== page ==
This new restaurant, under the direction of executive chef Lucy Collins, was in the process of opening when I visited but I enjoyed an excellent rendition of huevos racncheros for my breakfast. The Rosedon has taken the smart step towards a more sustainable operation, including installing solar hot water panels and providing recycyling bins and bulk dispensers of high-end ‘green’ toiletries in rooms. The gardens are beautifully established and there’s a heated swimming pool.
Thanks to the wam Gulf Stream current and the large area of protected marine reserve around the island, snorkelling and diving in Bermuda is excellent. The coral reefs of Bermuda are the northernmost in the Atlantic and while the water is cooler than in the tropics, they abound with tropical sea life. There are lots of places you can snorkel directly off the beach, including Tobacco Bay Beach, Church Bay, Daniel’s Head Beaches, Warwick Long Bay, Jobson’s Cove, Elbow Beach, Snorkel Park and John Smith’s Bay Beach. Hire a guide to head offshore to explore a shipwreck or a reef, and expect to pay $65 for around 2-3 hours with all equipment supplied.
The water is exceptionally clear, especially in the cooler months, and it’s not uncommon to see shoals of colourful parrotfish whilst walking around the shoreline. The locals say that if you spot a Portuguese man o’ war jellyfish it means there’s a storm somewhere out at sea and bad weather is on the way. When I visited, the turtles has just arrived and the whales had just left.
In its heyday, the wealthy would come to Bermuda via seaplane or cruise ship, escaping the bitter winters of the Eastern seaboard of America and England, often for months at a time. The vibe today isn’t jet-set by any stretch, but the sense of lush escape that’s just a one hour 45 minute flight from New York is a drawcard the world is again starting to discover. If you are into golf there are three world-class golf courses. Bermuda is also famous for bird-watching and the Bermuda Audubon Society has a great list of good sites to check out around the island. For the rose lover, Bermuda is a living museum of roses, and the Bermuda Rose Society holds an annual exhibition each April. And of course there is the sailing, with the America’s Cup about to begin.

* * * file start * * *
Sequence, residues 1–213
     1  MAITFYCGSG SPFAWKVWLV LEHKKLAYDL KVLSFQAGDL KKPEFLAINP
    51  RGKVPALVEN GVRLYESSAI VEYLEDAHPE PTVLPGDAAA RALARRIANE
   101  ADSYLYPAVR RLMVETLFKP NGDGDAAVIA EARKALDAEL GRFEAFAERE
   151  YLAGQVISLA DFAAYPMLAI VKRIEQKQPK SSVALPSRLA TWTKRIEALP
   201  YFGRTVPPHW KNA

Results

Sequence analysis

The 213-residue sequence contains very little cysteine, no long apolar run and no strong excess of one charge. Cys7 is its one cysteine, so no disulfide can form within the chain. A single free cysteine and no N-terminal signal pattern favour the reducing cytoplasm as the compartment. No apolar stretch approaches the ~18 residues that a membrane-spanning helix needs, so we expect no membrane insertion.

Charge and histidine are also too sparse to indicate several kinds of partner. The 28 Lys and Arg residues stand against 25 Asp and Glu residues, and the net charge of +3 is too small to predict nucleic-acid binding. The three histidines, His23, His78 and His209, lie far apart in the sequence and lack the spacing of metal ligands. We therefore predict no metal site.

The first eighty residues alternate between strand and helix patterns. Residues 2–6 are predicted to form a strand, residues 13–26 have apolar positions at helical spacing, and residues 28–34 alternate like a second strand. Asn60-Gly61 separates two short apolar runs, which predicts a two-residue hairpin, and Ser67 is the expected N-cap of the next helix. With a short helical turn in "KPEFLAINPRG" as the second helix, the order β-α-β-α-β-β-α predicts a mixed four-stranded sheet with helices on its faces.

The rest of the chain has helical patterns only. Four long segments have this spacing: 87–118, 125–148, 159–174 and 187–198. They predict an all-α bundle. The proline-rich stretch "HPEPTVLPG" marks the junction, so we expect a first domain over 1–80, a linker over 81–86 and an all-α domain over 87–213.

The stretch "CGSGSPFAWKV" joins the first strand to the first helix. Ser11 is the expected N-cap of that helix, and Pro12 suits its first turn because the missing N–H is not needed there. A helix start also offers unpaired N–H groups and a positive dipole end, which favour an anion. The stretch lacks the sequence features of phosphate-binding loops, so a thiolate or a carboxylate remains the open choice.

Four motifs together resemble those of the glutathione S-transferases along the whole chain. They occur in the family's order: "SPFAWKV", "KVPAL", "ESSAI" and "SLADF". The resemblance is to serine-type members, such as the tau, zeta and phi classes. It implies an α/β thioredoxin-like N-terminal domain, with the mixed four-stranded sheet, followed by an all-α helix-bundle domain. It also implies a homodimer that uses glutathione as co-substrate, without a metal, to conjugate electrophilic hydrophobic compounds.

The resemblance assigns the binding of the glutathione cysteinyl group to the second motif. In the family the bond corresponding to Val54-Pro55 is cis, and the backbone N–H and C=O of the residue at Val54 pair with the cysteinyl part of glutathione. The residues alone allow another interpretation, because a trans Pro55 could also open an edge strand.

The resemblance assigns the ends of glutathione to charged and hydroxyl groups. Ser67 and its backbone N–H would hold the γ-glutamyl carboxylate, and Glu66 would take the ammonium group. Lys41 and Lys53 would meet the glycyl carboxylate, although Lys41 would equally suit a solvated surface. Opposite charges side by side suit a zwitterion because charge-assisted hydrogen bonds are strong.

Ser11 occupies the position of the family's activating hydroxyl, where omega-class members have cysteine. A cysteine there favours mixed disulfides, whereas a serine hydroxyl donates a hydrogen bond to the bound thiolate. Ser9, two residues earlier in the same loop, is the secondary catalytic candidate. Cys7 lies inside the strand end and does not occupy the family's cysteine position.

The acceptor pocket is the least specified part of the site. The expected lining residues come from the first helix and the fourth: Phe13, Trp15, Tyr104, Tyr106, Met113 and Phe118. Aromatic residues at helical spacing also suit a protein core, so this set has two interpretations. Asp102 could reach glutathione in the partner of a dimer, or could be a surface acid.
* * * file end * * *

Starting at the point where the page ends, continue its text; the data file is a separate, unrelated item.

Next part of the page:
They say the thing that makes us happy is how we manage our expectations. Out here on this far-away rock, there is a simplicity to life still ruled by the whims of sea and weather, a brightness not dulled by the visible hustle of commerce. Looking at all the investment going into hotels, infrastructure and a new airport, things will change – and fast – but for now Bermuda can hold onto its billing as ‘the semi-tropical isles of rest and enchantment’.
Thanks to Bermuda Tourism for on-the-ground support.
Eating and drinking:
Harry’s Bar for great cocktails and a local vibe
Hamilton Princess: Marcus’, Crown & Anchor Bar, 1609 Bar & Restaurant, Princess Beach Club
Barracuda Grill for seafood and chops
Pearl for sushi
Devil’s Isle – a popular America’s Cup hangout with good coffee
Café Lido for Italian at Elbow Beach
Coral Beach & Tennis Club for a seafood buffet every Thursday (formal dress code)
Fairmont Southampton Jasmine Lounge for amazing fish chowder
Woody’s Sport Bar – a local hangout with the best fish sandwiches on the island served from a rough little shack
The Hamilton Princess for reggae nights on Thursdays
Uber Vida for Friday mini-cruises
Cheap things to do:
Front Street stays open late every Wednesday night, 7pm-10pm, during the summer for the Harbour Nights Street Party. Shops and bars offer deals, restaurants serve up special dishes and local artists and craftspeople show and sell their wares. There's also live entertainment, including music and the brightly costumed Gombey dancers.
Mondays and Thursday, 9pm-10pm, head to the Heritage Wharf at Dockyards for Calico Jack’s free Pirate Fire Show, where tricorn-hat wearing rascals sword fight, joke and create a fire-dance display. After the 30-minute pirate performance, you can pose for selfies with the cast.